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Look what arrived in the mail today! Five shiny, brand new copies of Strange Little Girls ready to wing their way on to their new owners on 5 April!

Have you entered? If you won one, what would you want me to write in it?

Goodreads Book Giveaway

Strange Little Girls by Camilla Bruce

Strange Little Girls

by Camilla Bruce

Giveaway ends April 05, 2017.

See the giveaway details
at Goodreads.

Enter Giveaway

 

Strange Little Giveaway

Goodreads Book Giveaway

Strange Little Girls by Camilla Bruce

Strange Little Girls

by Camilla Bruce

Giveaway ends April 05, 2017.

See the giveaway details
at Goodreads.

Enter Giveaway

This Goodreads giveaway opens today! I’ve got 5 copies for Australian readers to sign & put personalised messages in.

(If you’re not in Aus, never fear. Liv & Camilla at Belladonna tell me they have plans for you later in the year…)

Giveaway!

I’m a bit excited! Liv & Camilla at Belladonna Publishing have kindly donated 5 copies of Strange Little Girls for me to give away to 5 lucky Australian readers on Goodreads in celebration of Pretty Jennie Greenteeth’s Aurealis nomination.

I’ll sign all the copies & include a personalised message for the winners.

(If you’re not in Aus, don’t worry, I think there are more giveaways in the pipeline. And the ebook is going to go on special for a limited time, so check back & I’ll post links when it does.)

Goodreads Book Giveaway

Strange Little Girls by Camilla Bruce

Strange Little Girls

by Camilla Bruce

Giveaway ends April 05, 2017.

See the giveaway details
at Goodreads.

Enter Giveaway

 

Achievement unlocked: Aurealis Award nomination

HAPPY MONDAY!

No, I’m serious.

The short lists for the 2016 Aurealis Awards went up today and OMG I’M ON IT!!!

My creepy, nasty, strange little story Pretty Jennie Greenteeth from Belladonna Publishing’s Strange Little Girls has been nominated in the YA category!

And because these things are always better shared, I’ve got so many good friends on the short list with me, I’m hard put to count them all. So particular congrats to Shauna O’Meara, Dave Versace, Ian McHugh, Elizabeth Fitzgerald, Kaaron Warren, Tim Napper, Tehani Wessely, Thoraiya Dyer, Simon Petrie, Angela Slatter, Alan Baxter, Sam Murray and Lisa Hannett – and everyone else on the list!

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Awesome words: Alternative Facts

Alternative Facts:

  1. A lie.
  2. A lie expressed for political expediency.
  3. A lie about a lie.

(My definitions.)

This phrase is awesome (I don’t mean that in a positive, upbeat kinda way) for its abject insidiousness. It is awesome because the very phrase “alternative facts” is a perfect example of what it embodies. If you call something out as being a lie, falsehood or untruth, you are making a statement of fact. If you call something an alternative fact, you are engaging in a lie about a lie. It is pure, self-perpetuating genius.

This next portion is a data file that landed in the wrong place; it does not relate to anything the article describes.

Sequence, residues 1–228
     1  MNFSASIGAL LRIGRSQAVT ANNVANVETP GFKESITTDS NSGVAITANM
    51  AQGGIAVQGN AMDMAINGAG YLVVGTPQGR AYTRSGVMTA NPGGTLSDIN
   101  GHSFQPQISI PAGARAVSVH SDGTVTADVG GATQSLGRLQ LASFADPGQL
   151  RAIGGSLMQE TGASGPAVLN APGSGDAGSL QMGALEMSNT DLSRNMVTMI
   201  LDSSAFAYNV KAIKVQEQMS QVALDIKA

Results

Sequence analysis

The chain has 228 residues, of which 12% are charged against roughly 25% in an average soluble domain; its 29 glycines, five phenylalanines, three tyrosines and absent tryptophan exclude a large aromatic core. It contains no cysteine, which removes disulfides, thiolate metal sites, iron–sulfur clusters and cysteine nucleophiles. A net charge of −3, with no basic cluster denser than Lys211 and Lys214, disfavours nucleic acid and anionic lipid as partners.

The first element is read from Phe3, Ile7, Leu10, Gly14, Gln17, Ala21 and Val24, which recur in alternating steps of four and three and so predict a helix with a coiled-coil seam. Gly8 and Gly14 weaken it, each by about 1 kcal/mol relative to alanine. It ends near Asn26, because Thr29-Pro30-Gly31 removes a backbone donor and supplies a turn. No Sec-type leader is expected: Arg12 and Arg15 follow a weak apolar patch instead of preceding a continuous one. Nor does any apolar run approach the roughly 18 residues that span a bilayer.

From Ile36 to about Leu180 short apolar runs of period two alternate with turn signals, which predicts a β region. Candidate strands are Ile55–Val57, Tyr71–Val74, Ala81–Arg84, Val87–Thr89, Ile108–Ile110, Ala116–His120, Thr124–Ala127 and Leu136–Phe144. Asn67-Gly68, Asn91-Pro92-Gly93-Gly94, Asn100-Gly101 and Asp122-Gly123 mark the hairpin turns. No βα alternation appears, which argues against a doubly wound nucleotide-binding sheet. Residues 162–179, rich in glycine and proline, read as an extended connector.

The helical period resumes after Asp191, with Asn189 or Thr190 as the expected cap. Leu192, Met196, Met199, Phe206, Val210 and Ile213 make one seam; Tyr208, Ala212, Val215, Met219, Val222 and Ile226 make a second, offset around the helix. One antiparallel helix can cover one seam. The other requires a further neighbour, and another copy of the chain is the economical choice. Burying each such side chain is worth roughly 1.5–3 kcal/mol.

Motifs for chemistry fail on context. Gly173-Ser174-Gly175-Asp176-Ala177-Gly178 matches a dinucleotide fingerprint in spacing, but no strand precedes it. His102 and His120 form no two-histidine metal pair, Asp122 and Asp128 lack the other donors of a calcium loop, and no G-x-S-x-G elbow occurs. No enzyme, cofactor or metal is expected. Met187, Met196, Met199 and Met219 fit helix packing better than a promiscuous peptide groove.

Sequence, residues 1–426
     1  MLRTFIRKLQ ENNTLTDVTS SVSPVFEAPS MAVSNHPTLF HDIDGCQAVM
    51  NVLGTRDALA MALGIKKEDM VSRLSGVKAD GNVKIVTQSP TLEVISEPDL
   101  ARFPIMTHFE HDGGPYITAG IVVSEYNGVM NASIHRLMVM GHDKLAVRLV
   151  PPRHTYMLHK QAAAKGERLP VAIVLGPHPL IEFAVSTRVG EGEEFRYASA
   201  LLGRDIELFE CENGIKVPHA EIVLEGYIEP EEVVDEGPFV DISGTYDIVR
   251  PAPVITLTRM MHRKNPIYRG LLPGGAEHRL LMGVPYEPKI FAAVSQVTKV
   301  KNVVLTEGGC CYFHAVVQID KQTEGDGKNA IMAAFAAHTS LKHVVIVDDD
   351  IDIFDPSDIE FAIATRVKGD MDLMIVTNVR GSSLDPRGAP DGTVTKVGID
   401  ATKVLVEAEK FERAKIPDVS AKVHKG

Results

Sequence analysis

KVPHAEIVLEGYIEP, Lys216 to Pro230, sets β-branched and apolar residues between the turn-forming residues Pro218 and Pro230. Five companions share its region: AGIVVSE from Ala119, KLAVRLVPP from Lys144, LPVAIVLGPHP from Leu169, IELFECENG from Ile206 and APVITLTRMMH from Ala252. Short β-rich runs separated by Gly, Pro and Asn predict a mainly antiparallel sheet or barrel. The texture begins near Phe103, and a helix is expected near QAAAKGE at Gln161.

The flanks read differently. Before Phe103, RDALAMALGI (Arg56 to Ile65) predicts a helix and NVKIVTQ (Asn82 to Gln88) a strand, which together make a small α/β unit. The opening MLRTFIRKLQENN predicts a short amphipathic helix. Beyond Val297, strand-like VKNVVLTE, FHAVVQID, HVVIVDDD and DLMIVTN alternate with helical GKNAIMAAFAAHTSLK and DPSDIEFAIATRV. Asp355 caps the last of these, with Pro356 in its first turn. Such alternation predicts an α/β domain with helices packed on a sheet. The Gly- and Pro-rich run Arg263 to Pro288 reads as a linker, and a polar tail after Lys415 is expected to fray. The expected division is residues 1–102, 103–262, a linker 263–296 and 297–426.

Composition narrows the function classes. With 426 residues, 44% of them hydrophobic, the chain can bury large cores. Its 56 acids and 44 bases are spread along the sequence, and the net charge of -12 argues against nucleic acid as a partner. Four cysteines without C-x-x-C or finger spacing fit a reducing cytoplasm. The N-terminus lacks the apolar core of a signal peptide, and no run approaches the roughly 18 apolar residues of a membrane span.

Just to drive home why this whole alternative facts thing is an exercise in evil, this phrase is now inextricably wound up in connotations of lying for political expediency. Let’s look at the events that rocketed this phrase to notoriety.

  1. White House Press Secretary Sean Spicer lied (made false/inaccurate/misleading statements, whatevs, you split the hairs) about attendance numbers at Donald Trump’s presidential inauguration.
  2. When challenged about this at a press conference, Trump’s campaign strategist Kellyanne Conway characterised these statements as “alternative facts”.

What is striking about this incident is that the alternative facts were not tendered for any meaningful reason. I’m sorry to be so crass, but this really was just a one-sided political pissing contest, a mine-is-bigger-than-yours schoolyard tossing competition. The implications it has respecting this administration’s capacity for being up front and honest with the American people and the rest of the world on any issues of actual import are freaking huge.

The other consequence of Conway making out like alternative facts are an actual Thing, is the broader effect it has on the culture of political discourse in the US.

This from the Wikipedia page on alternative facts, about the discussion of Conway’s use of the term and the criticism she subsequently received for it:

The magazine [American Thinker] asserted that the phrase “alternative facts” was in common use in law and that it was known to most lawyers, including Conway, with her George Washington University Law School degree. After giving examples of non-legal uses of the phrase “alternative facts”, the article contended that when Chuck Todd upbraided Kellyanne Conway with the claim that “alternative facts are not facts; they’re falsehoods”, he was not only wrong, but “propagating an ignorance born out of lazy and shallow thinking”.

Wait, what? So a journalist challenging a government spokesperson on what was a pretty blatant and easily provable falsehood was somehow “propagating an ignorance born out of lazy and shallow thinking”? WTAF?

I mean, whoah. Now we are talking a lie defended by a lie defended by a lie. It’s like a whole recursive onion-thing, where each layer is just wrapped in a new, bigger, thicker, stickier, more repulsive layer of lies. This is orders of magnitude above mere political spin.